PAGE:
Sep 22 (Reuters Health) - Consumption of a Mediterranean- style diet appears to prevent metabolic syndrome and improve survival, according to the findings from two studies that appear in the Journal of the American Medical Association.
In the first study, Dr. Dario Giugliano, from Policlinico Seconda Universita di Napoli in Italy, and colleagues conducted a clinical trial to assess the role that diet plays in metabolic syndrome, a condition characterized by obesity, high blood pressure and increased blood sugar.
The study involved 180 patients with the condition who were randomly instructed to follow an Mediterranean-style diet, which includes high levels of whole grains, fruits, nuts and vegetables, or a "prudent" diet, consisting of 50 to 60 percent carbohydrates, 15 to 20 percent protein and less than 30 percent total fat.
At two-year follow-up, Mediterranean-style diet patients had a lower omega-6 to omega-3 fatty acid ratio than subjects on the other diet, the authors note.
Although physical activity increased to a similar extent in each group, patients in the Mediterranean-style diet group lost more weight than those in the prudent diet group.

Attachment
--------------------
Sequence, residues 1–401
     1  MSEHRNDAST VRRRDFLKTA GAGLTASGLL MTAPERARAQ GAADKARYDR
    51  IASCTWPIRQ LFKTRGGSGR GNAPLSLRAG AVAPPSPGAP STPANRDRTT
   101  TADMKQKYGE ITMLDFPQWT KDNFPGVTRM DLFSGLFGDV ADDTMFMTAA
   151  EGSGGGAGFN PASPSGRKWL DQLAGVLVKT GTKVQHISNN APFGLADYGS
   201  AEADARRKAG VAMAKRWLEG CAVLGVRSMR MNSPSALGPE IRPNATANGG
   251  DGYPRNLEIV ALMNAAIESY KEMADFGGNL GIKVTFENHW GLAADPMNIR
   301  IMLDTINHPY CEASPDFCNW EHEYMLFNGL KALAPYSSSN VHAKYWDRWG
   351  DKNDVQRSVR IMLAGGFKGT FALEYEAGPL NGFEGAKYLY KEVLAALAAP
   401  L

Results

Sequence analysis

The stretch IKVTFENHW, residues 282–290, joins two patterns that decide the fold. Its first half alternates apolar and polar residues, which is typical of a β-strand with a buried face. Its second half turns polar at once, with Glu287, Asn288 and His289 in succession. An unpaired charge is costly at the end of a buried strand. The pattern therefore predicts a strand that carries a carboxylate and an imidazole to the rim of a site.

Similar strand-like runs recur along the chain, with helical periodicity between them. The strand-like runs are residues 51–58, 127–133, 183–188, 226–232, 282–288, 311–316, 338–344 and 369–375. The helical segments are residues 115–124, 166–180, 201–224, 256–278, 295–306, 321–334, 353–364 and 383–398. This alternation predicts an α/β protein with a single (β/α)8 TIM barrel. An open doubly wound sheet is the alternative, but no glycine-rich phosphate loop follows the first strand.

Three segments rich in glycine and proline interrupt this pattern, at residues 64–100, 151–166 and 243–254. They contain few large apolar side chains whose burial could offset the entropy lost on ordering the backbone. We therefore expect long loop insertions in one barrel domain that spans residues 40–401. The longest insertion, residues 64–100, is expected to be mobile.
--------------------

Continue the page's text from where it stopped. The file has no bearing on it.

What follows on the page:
Perhaps most importantly, 78 of 90 patients in the prudent diet group still had metabolic syndrome compared with 40 of 90 patients in the Mediterranean-style diet group, a statistically significant difference.
In the second study, Kim T. B. Knoops, from Wageningen University in the Netherlands, and colleagues looked at the effect that a Mediterranean-style diet and other lifestyle factors had on 10-year survival rates in elderly European men and women.
The researchers analyzed data from 1507 apparently healthy men and 832 women who were included in the Healthy Aging: a Longitudinal study in Europe (HALE) population.
Between 1988 and 2000, a total of 935 subjects died, most from cardiovascular diseases and cancer, the investigators report.
Consuming a Mediterranean-style diet, moderate alcohol use, physical activity, and nonsmoking, reduced the risk of death from any cause by 23 percent, 22 percent, 37 percent, and 35 percent, respectively. The results were similar when the researchers looked at mortality due to coronary heart disease, cardiovascular diseases in general, and cancer.
The presence of all four of these beneficial activities reduced the risk of death from any cause by 65 percent. Around 60 percent of all deaths were attributed to not pursuing these activities.
In a related editorial, Dr. Eric B. Rimm and Dr. Meir J. Stampfer, from the Harvard School of Public Health in Boston, comment that "as a society, the US spends billions on chronic disease treatments and interventions for risk factors. Although these are useful and important, a fraction of that investment to promote healthy lifestyles for primary prevention among individuals at all ages would yield greater benefit."
SOURCE: Journal of the American Medical Association. September 22/29, 2004.
Publish Date: September 22, 2004